Readings: Mark 8 v 27-38
In the name of the Father, the Son and the Holy Spirit.
Who do you say I am?
We’ve already had opportunity to consider that this morning.
I hope in all your sharing you got to know the folks around you on a Sunday morning just that little bit better.
What about the rest of our gospel this morning?
I like to think of the second bit of this passage as the “coming back to earth with a bump” bit.
Jesus, just named as Lord, starts to tell his followers about denying themselves and taking up their cross.
And Peter, having just uttered those wonderful words: “You are Lord” is being called Satan.
How do things turn on their head so quickly?
Isn’t that so like the life we know and live?
A roller coaster ride of highs and lows.
So let’s look at this tension that seems to always exist in life.
The highs and the lows.
One never far from the other.
As Kahlil Gibran puts it:
Your joy is your sorrow unmasked. And the selfsame well from which your laughter rises was oftentimes filled with your tears. And how else can it be? The deeper that sorrow carves into your being, the more joy you can contain.
That philosophy seems to fit well with Jesus teaching.
Serving God demands sacrifice and brings reward.
There will be days of triumph and nights of despair.
That is the journey of the church, the journey of life.
Jesus called the crowd with his disciples, and said to them, “If any want to become my followers, let them deny themselves and take up their cross and follow me. 35For those who want to save their life will lose it, and those who lose their life for my sake, and for the sake of the gospel, will save it.
In this passage today, we can hear words of life or words of death.
We can choose to hear only the words deny and cross and losing life.
Or we can hear the call to follow Jesus into life – a life that is full and affirming.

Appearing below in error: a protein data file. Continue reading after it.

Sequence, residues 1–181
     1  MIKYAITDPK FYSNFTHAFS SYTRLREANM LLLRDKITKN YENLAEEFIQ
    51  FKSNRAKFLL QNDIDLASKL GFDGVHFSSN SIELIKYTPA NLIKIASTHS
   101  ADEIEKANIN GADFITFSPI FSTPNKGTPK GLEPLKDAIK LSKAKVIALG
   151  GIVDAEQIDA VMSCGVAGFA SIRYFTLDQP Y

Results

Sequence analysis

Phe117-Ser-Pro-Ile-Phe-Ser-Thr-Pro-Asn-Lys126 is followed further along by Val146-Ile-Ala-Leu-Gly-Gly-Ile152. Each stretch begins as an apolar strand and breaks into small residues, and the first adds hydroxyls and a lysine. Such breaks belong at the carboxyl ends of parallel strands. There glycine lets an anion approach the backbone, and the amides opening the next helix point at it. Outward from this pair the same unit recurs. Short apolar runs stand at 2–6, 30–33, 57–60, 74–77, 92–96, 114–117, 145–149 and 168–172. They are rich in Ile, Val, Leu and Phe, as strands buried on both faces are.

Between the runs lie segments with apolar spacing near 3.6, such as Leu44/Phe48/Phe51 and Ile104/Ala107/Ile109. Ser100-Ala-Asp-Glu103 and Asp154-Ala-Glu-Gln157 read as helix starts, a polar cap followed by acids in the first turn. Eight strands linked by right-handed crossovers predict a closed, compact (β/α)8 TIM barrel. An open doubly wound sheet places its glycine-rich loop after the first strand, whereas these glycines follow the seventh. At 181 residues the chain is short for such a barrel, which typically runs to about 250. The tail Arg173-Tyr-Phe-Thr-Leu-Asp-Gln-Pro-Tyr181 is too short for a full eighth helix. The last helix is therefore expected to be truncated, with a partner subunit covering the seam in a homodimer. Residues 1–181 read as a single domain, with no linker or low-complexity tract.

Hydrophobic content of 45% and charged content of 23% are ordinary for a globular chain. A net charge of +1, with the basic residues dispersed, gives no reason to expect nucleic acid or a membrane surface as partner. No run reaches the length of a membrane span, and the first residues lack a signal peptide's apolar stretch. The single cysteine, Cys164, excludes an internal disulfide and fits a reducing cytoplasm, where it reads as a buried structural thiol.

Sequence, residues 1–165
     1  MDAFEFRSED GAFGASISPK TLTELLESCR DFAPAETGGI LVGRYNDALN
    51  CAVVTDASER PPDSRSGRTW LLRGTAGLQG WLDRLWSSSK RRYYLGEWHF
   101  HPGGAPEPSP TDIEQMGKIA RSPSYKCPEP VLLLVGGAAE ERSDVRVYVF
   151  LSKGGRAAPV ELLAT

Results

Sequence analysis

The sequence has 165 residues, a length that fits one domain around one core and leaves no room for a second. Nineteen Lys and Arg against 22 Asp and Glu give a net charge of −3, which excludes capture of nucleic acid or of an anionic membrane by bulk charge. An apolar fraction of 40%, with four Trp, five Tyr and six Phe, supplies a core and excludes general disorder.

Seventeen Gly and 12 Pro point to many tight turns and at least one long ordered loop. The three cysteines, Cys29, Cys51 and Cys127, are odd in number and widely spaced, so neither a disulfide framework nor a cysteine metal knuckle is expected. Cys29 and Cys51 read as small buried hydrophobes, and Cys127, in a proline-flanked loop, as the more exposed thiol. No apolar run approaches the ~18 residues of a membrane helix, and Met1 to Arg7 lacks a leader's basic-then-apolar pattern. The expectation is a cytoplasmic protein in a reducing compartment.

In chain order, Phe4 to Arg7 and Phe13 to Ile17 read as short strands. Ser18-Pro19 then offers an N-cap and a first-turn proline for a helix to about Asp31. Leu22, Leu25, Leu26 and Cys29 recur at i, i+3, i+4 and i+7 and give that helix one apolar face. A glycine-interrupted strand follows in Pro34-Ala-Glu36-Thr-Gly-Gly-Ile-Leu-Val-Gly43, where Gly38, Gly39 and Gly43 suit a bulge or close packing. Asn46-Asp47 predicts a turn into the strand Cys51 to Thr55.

And that call of Jesus – into life – comes to us at every age and stage of life.
It’s not a once for all.
It’s an ongoing challenge.
There are stages of our journey through life when we will be like the enthusiastic Peter who proclaimed Jesus as Lord.
And there are other times when we will be the Peter who wanted to hold things back, put obstacles in the way of the mission.
There are times when we will hear Jesus affirming us, telling us that we are on the right track.
And other times when Jesus tells us – get behind me Satan – because we are letting our own short sightedness get in the way of God’s mission.
You’ll know by now that, in many ways, I’m an optimist.
I like to think of the glass half full rather than half empty.
And, even with the challenge of working in the Church of Scotland, I haven’t quite managed to lose my grip on looking on the bright side. J
So, today, when we hear again those words of Jesus “ whoever wants to follow me must deny self, take up a cross and follow me”
I’d like us to hear those words not as words that burden us and grind us down and put us in our place.
I’d like us to hear those words as words that affirm life, that call us to something much more life giving than the lives we live.
Not words that call us into misery.
But words that call us into joy.
The joy of service.
Full lives instead of empty lives.
Let me check out your optimism barometer this morning.
Are you filled with hope for the challenge that faces the church today?
Are you enthusiastic for the change that must come in order for Christ’s mission to be fulfilled?
Or is your head – and your heart saying – Not again.
Been there, seen it, worn the T shirt.
It will never work. Let’s not bother trying again.
Here’s a simple test of our optimism scale today:
We can look around this sanctuary this morning, a sanctuary without young people today, and we can see only white hair and wrinkles and folk who need sticks to help them walk.
We can see folk who are tired from years of service.
We can look around and see smiling faces and kind eyes and the wisdom of years.
We can see folk who know the goodness of God and who have witnessed the amazing things that God can do.
We can see folk who worshipped in a barn and raised funds for a hall.
Who then needed more space and bought bricks to build this beautiful sanctuary.
We can see folk who have joined that journey at various points along the way.
And who have contributed to the life of faith and witness in this place.
Today, more than ever, we need our optimism barometers to be jumping off the scale.
Because we have lots of challenges ahead.
We have the challenges of property – leaking roofs and bell towers.
Challenges that have always been met and will continue to be met by the faithful giving of God’s people in this place.
But we also have the challenge of an ever growing community surrounding us, a community that in all its ages and stages needs more than ever to know the love of God.
A community that needs that love to continue to be extended by the people of God in this place.
And yes, we need to keep our buildings up to scratch.
But we also need to reach out beyond our buildings to the community we have been called to serve.